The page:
Oscillatory beta dynamics inform biomarker-driven treatment optimization for Parkinson's disease

J Neurophysiol. 2023 Jun 1;129(6):1492-1504. doi: 10.1152/jn.00055.2023. Epub 2023 May 17.


Parkinson's disease (PD) is a neurodegenerative disorder characterized by loss of dopaminergic neurons and dysregulation of the basal ganglia. Cardinal motor symptoms include bradykinesia, rigidity, and tremor. Deep brain stimulation (DBS) of select subcortical nuclei is standard of care for medication-refractory PD. Conventional open-loop DBS delivers continuous stimulation with fixed parameters that do not account for a patient's dynamic activity state or medication cycle. In comparison, closed-loop DBS, or adaptive DBS (aDBS), adjusts stimulation based on biomarker feedback that correlates with clinical state. Recent work has identified several neurophysiological biomarkers in local field potential recordings from PD patients, the most promising of which are 1) elevated beta (∼13-30 Hz) power in the subthalamic nucleus (STN), 2) increased beta synchrony throughout basal ganglia-thalamocortical circuits, notably observed as coupling between the STN beta phase and cortical broadband gamma (∼50-200 Hz) amplitude, and 3) prolonged beta bursts in the STN and cortex. In this review, we highlight relevant frequency and time domain features of STN beta measured in PD patients and summarize how spectral beta power, oscillatory beta synchrony, phase-amplitude coupling, and temporal beta bursting inform PD pathology, neurosurgical targeting, and DBS therapy. We then review how STN beta dynamics inform predictive, biomarker-driven aDBS approaches for optimizing PD treatment. We therefore provide clinically useful and actionable insight that can be applied toward aDBS implementation for PD.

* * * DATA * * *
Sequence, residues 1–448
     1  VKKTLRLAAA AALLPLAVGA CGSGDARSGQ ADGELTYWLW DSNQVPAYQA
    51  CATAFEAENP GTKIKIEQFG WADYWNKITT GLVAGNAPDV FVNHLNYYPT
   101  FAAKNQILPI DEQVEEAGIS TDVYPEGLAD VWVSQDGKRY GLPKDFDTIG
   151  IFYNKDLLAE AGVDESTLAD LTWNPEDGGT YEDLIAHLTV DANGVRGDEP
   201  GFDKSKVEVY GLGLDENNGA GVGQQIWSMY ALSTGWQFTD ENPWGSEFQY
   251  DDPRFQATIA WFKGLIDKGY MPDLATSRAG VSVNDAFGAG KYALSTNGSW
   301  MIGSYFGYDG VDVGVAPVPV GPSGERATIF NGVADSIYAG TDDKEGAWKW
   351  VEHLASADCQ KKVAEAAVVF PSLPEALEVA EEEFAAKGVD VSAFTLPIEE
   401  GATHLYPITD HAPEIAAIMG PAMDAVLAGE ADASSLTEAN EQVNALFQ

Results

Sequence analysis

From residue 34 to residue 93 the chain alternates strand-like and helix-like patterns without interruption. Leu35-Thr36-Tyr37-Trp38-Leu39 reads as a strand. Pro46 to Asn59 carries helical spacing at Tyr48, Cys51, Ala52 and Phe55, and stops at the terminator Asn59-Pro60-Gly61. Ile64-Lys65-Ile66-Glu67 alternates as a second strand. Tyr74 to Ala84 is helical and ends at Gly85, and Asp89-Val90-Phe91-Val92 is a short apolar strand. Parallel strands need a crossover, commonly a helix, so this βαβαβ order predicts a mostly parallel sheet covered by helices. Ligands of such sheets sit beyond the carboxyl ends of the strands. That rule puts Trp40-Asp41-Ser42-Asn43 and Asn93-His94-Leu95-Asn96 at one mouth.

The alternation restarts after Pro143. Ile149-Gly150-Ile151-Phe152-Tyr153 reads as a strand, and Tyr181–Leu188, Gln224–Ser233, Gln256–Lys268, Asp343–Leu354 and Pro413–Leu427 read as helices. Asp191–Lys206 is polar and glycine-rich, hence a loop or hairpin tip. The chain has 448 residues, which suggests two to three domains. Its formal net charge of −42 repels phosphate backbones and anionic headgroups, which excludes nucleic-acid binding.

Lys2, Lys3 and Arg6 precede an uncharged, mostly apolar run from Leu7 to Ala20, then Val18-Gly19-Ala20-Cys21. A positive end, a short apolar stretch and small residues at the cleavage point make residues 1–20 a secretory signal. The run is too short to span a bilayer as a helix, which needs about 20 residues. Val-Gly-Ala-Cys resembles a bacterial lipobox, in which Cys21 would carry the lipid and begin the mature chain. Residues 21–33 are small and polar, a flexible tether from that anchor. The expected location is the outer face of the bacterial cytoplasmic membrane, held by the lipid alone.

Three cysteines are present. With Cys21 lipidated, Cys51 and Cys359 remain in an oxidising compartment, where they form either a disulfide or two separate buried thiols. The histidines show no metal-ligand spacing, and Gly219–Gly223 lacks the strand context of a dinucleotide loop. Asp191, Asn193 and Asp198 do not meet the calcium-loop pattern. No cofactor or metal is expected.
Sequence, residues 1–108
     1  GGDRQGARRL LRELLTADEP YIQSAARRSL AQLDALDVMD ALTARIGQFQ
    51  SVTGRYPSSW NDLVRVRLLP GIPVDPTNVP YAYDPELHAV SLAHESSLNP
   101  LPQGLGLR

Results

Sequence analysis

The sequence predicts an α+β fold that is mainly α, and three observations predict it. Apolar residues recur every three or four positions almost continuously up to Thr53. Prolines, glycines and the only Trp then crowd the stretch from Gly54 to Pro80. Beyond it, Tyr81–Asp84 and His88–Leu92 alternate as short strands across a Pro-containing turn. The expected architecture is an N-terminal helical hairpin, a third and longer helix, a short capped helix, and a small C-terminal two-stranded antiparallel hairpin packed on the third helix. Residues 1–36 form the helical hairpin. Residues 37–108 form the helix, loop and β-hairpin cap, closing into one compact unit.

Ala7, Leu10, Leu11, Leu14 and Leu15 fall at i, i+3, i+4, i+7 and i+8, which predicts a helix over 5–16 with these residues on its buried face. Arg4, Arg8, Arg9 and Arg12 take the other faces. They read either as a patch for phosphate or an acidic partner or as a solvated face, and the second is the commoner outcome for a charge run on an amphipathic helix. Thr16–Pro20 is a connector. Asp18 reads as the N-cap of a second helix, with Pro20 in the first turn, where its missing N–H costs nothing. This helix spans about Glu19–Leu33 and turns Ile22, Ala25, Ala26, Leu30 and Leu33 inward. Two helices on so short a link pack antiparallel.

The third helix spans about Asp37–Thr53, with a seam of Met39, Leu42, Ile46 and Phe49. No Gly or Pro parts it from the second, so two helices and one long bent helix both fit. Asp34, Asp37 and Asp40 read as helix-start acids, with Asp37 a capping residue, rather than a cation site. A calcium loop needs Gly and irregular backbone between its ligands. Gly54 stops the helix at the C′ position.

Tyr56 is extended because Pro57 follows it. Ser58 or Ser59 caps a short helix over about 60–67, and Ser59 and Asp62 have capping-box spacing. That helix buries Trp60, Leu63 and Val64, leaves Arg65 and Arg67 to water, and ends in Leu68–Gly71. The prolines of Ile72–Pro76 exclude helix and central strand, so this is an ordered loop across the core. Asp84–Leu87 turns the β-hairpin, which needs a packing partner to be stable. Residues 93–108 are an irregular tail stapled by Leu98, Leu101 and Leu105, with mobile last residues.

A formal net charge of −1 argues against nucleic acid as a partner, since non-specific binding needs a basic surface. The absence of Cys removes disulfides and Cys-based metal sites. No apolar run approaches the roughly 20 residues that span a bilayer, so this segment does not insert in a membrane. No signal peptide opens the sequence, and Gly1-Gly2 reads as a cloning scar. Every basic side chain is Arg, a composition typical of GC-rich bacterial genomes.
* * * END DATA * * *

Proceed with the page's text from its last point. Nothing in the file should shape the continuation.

Keywords: Parkinson’s disease; beta frequency; biomarkers; closed-loop aDBS; deep brain stimulation.

Publication types

  • Review
  • Research Support, Non-U.S. Gov't

MeSH terms

  • Basal Ganglia
  • Beta Rhythm
  • Deep Brain Stimulation*
  • Humans
  • Parkinson Disease* / therapy
  • Subthalamic Nucleus*
  • Tremor / therapy